Take a Walk

A show looks to subvert the privileged position of the flâneur.

In 1840, Edgar Allan Poe’s short story “The Man of the Crowd” introduced a new literary archetype: the flâneur—a genteel, strolling spectator of the European metropolis who would become a fixation in the cultural writings of Charles Baudelaire, and later, Walter Benjamin. On view at Philadelphia’s Barnes Foundation, “Person of the Crowd: The Contemporary Art of Flânerie” (through May 22) takes the idea of this idiosyncratic wanderer and subverts it through works made by more than 50 international artists after 1950. Addressing topics from gentrification to gender issues, each piece employs the public sphere for sociopolitical commentary.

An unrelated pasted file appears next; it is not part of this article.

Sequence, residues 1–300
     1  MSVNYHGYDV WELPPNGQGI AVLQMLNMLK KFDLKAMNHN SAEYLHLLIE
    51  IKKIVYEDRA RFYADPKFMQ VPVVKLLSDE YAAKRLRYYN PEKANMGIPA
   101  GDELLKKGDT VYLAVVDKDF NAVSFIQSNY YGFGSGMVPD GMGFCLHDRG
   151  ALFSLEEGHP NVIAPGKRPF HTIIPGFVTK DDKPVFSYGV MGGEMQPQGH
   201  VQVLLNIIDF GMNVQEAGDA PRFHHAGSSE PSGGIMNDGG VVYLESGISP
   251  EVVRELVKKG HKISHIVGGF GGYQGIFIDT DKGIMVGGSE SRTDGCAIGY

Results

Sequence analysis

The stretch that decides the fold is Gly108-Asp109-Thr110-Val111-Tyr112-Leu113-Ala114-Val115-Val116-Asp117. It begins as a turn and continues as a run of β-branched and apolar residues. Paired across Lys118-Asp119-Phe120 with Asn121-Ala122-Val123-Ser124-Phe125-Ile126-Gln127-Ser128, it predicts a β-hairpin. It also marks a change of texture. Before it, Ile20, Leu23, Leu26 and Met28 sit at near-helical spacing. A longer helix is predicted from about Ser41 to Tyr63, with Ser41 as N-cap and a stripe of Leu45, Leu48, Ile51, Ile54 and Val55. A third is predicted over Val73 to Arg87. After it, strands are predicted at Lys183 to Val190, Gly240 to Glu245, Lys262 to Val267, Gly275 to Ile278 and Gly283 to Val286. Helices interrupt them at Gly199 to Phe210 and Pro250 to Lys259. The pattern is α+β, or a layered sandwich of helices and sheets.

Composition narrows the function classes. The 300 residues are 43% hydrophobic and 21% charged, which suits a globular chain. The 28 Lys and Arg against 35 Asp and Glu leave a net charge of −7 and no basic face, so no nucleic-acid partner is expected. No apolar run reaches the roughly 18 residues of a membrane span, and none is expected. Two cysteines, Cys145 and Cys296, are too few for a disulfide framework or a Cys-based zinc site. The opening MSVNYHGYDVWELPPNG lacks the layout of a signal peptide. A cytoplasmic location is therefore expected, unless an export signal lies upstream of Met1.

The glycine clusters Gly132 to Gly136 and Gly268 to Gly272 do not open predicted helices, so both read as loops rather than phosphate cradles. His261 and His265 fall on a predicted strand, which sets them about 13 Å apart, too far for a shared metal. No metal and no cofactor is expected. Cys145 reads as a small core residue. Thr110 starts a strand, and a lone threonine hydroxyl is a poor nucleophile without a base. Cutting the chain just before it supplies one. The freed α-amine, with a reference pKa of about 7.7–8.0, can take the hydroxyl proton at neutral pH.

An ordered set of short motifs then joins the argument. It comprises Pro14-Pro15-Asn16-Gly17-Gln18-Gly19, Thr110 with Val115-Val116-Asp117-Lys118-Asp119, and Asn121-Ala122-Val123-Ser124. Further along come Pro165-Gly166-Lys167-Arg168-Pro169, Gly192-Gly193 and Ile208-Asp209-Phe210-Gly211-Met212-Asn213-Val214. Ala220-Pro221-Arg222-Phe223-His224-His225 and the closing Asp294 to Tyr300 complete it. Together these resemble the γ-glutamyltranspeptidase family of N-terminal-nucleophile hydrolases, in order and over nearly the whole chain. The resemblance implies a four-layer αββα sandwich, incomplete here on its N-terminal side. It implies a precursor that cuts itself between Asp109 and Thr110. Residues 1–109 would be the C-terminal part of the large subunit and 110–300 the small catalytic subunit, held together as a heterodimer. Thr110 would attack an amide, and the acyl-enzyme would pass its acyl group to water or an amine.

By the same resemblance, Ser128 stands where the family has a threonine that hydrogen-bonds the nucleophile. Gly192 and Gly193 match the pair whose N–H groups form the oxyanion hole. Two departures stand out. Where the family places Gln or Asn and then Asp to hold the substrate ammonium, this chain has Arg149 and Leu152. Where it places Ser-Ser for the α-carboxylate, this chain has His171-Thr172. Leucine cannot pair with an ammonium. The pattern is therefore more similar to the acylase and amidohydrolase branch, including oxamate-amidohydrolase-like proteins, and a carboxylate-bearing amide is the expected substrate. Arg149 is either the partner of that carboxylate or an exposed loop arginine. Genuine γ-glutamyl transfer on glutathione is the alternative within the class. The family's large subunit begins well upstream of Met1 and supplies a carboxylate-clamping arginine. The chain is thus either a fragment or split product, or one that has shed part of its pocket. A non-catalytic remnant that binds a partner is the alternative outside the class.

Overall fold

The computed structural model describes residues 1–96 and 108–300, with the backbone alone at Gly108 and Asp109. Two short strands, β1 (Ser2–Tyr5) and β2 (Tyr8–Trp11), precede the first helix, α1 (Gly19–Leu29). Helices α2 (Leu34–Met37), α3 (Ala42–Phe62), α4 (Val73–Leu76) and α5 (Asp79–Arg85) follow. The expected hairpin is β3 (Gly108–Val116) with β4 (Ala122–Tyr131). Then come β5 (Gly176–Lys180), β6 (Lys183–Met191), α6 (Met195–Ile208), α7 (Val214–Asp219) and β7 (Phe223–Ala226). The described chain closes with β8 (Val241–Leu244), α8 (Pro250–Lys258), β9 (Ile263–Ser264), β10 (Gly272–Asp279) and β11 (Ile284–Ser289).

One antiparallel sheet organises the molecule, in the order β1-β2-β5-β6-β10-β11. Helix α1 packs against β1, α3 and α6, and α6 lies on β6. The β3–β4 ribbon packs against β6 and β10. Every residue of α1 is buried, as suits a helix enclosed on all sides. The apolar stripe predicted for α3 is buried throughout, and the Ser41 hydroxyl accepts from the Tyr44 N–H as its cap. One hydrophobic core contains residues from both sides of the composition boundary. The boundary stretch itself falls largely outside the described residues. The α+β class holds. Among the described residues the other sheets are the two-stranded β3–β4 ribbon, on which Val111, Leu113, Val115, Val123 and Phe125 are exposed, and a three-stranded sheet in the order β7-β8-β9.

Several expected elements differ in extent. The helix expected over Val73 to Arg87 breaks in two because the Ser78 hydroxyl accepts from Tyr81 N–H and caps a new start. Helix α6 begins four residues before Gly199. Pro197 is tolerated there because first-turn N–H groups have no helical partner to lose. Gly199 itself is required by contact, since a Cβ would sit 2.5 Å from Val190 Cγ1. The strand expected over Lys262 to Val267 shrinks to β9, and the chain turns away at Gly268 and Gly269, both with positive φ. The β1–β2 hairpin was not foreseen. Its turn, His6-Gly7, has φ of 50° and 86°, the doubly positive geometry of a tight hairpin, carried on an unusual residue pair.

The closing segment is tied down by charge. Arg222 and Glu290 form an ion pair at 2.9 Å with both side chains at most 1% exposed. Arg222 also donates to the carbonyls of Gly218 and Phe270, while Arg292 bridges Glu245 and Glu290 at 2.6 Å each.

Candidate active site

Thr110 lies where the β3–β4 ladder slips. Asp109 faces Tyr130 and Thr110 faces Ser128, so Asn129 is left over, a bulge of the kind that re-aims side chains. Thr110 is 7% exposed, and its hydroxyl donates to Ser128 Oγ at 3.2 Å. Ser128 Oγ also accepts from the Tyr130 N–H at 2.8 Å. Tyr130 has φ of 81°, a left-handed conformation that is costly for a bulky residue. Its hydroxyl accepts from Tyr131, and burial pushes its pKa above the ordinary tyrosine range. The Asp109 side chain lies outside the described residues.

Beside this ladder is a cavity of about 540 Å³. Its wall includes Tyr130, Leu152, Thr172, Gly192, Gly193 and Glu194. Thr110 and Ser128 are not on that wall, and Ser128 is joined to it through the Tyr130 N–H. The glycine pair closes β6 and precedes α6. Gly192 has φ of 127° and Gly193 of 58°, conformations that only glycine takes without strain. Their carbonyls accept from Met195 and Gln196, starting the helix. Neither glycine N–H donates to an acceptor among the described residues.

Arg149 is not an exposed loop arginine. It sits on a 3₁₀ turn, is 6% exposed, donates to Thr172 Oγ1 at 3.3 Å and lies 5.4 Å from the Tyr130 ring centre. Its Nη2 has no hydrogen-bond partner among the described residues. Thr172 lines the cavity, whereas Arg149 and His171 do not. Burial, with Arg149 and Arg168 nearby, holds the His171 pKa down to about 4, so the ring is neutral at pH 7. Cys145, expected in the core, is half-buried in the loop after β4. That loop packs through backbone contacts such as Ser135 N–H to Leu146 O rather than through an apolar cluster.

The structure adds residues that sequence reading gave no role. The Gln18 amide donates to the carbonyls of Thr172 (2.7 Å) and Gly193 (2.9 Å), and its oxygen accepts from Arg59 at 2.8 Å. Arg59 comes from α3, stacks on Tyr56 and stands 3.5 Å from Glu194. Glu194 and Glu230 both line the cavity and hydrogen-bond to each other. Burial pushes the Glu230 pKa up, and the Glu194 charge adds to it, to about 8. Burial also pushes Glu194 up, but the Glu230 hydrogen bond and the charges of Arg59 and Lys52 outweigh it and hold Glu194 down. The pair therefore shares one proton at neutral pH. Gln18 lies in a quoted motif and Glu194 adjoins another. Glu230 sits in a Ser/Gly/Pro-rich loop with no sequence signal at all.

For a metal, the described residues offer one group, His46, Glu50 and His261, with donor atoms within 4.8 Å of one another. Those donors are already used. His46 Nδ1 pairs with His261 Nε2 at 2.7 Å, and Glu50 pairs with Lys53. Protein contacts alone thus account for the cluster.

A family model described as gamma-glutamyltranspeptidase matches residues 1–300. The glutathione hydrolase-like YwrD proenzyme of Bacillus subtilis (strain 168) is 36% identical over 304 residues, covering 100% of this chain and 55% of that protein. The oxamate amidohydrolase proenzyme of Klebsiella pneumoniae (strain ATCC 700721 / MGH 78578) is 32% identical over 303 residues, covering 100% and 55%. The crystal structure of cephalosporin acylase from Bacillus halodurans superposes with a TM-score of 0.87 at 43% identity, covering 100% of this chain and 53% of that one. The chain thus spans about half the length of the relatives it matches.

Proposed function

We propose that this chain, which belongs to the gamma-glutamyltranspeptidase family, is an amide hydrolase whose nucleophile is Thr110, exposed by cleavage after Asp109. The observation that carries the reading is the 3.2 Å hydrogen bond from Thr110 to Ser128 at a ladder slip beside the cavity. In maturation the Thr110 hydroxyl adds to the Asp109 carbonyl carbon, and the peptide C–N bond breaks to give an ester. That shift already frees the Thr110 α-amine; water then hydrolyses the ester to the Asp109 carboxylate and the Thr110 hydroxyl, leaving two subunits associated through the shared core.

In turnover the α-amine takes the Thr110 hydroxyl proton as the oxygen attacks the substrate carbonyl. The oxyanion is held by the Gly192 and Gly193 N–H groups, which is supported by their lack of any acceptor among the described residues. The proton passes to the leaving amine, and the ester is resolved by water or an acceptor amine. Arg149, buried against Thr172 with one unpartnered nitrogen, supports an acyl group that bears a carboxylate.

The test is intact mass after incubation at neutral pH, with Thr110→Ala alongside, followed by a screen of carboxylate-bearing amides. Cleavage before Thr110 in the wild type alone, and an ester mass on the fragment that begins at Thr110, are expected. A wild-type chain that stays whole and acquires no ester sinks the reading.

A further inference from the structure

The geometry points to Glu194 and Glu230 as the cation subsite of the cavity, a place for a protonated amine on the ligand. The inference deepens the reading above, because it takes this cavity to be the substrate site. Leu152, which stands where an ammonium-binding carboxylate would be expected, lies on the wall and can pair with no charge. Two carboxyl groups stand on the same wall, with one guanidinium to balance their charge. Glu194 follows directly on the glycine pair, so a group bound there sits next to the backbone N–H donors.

“I’m interested in the various ways that artists engage in the social body and all that implies,” says Thom Collins, the foundation’s executive director and president. Reflecting this, the exhibition builds out the street as a source for scavenged materials—as demonstrated in pieces by Robert Rauschenberg and Carolee Schneemann—and also a conceptual space for interrogating societal mores, exemplified by Jenny Holzer’s flyer-like communiqués, or Pope.L’s staggering “The Great White Way, 22 Miles, 9 Years, 1 Street” (2001), a video documenting the artist’s performative crawl down New York’s Broadway, making for a visceral accounting of the black body in public.

The salient crux of the show is that flip of the script, removing the flâneur from its privileged position as an observer. “It was a bourgeois phenomenon in a moment when socially, politically, and economically, you had to be a privileged white man to do this,” Collins says. “So what does it look like now?”

Above: Eleanor Antin’s “The Wonder of It All” (1974-75). (Photo: Courtesy of Ronald Feldman Fine Arts, New York)

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